Slow going for proposed Elgin Greenway in downtown Sudbury

Sudbury city planners say despite delays, the proposed Elgin Greenway is slowly making its way towards being built.

$5M to $6M plan expected to be presented to city council this fall

An artist's rendering of what the proposed Elgin Greenway would look like crossing under the Paris Street bridge. (City of Greater Sudbury )

Despite delays, the proposed Elgin Greenway is slowly making its way towards being built, Sudbury city planners say.

The project, which would see one side of Elgin Street transformed into a linear park and trail, was first proposed five years ago during the public consultations for the city's Downtown Master Plan.

It is designed to run through the new architecture school, and then run along the train yard side of Elgin, with plazas and public art sprinkled along the route. The greenway eventually reaches Ramsey Lake at Bell Park.

Director of planning services Jason Ferrigan says the detailed design was originally supposed to be complete in 2014.

"We were unable to achieve that, but for good reason. And the major reason is we're taking our time to get the design right," he says.

Ferrigan says the detailed design phase is also bringing together different disciplines, including landscape design, urban planning and transportation engineering, which has lead to some healthy discussions and debates.

Director of planning services Jason Ferrigan says the detailed Elgin Greenway design was originally supposed to be complete in 2014. (City of Greater Sudbury )

Ferrigan says he now expects the design to be complete this fall, when it will be presented to Sudbury city council to vote on, to decide if the project should go ahead.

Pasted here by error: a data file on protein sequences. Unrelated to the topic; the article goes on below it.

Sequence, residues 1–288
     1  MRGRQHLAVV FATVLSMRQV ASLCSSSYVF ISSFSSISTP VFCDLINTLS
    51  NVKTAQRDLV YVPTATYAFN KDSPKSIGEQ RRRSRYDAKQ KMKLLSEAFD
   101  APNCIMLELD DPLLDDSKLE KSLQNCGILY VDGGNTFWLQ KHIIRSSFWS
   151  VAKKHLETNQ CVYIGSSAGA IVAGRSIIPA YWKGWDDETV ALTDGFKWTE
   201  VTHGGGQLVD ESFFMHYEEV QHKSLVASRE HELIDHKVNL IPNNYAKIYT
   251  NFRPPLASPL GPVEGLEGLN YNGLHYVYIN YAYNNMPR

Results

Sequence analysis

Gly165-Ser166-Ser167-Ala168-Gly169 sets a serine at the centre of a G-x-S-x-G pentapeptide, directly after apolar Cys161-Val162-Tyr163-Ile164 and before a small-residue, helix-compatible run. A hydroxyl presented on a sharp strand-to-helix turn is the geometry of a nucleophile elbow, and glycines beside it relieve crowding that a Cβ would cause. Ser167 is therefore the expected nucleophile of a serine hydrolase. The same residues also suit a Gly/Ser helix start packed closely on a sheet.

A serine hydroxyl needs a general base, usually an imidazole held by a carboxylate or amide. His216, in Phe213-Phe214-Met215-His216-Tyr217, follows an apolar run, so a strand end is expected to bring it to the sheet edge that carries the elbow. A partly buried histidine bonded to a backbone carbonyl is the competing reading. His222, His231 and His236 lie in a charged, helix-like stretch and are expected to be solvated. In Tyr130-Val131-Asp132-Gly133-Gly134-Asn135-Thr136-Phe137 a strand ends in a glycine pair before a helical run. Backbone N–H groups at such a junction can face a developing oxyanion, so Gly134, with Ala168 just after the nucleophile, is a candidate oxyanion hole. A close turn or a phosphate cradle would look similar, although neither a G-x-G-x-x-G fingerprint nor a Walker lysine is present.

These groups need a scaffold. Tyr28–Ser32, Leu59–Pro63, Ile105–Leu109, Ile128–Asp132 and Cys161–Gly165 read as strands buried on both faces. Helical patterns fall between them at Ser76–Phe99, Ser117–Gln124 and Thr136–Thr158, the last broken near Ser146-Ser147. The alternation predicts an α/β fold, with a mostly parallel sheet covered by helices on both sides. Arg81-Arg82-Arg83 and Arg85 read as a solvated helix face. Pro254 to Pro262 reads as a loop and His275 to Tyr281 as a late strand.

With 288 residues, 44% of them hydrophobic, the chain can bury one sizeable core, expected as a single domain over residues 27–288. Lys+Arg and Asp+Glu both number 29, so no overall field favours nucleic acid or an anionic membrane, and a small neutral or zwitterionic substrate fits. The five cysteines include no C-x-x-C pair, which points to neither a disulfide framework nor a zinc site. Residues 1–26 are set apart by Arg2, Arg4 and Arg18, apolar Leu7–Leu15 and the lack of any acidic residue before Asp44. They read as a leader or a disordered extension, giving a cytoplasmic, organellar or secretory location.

Part of that will be an estimated price tag for the Elgin Greenway, estimated to be between $5- and $6 million, some of which may come from the private sector or the provincial and federal governments.

Ferrigan says the city is also taking its time with the Greenway, because it's seen as a project with wider implications than just redeveloping the downtown.

"This is really about transforming our quality of place and our public realm and the city sort of saying 'this is what Greater Sudbury looks like in the 21st Century'," he says.

"This is the type of city we hope to build for the generations that are going to come after us."

The next Sudbury street to get a greenway-type treatment could be Lasalle Boulevard.

Ferrigan says now that the Maley Drive Extension is going ahead, the traffic on Lasalle is expected to ease. And that, he says, presents an opportunity to imagine what the busy thoroughfare might look like in the future and how the city should plan for that.

He says city planners are preparing to launch an in-depth study of Lasalle next year.

This is what the corner of Cedar and Elgin Streets could look like in downtown Sudbury if the city goes ahead with the Elgin Greenway project, estimated to cost as much as $6 million. (City of Greater Sudbury )


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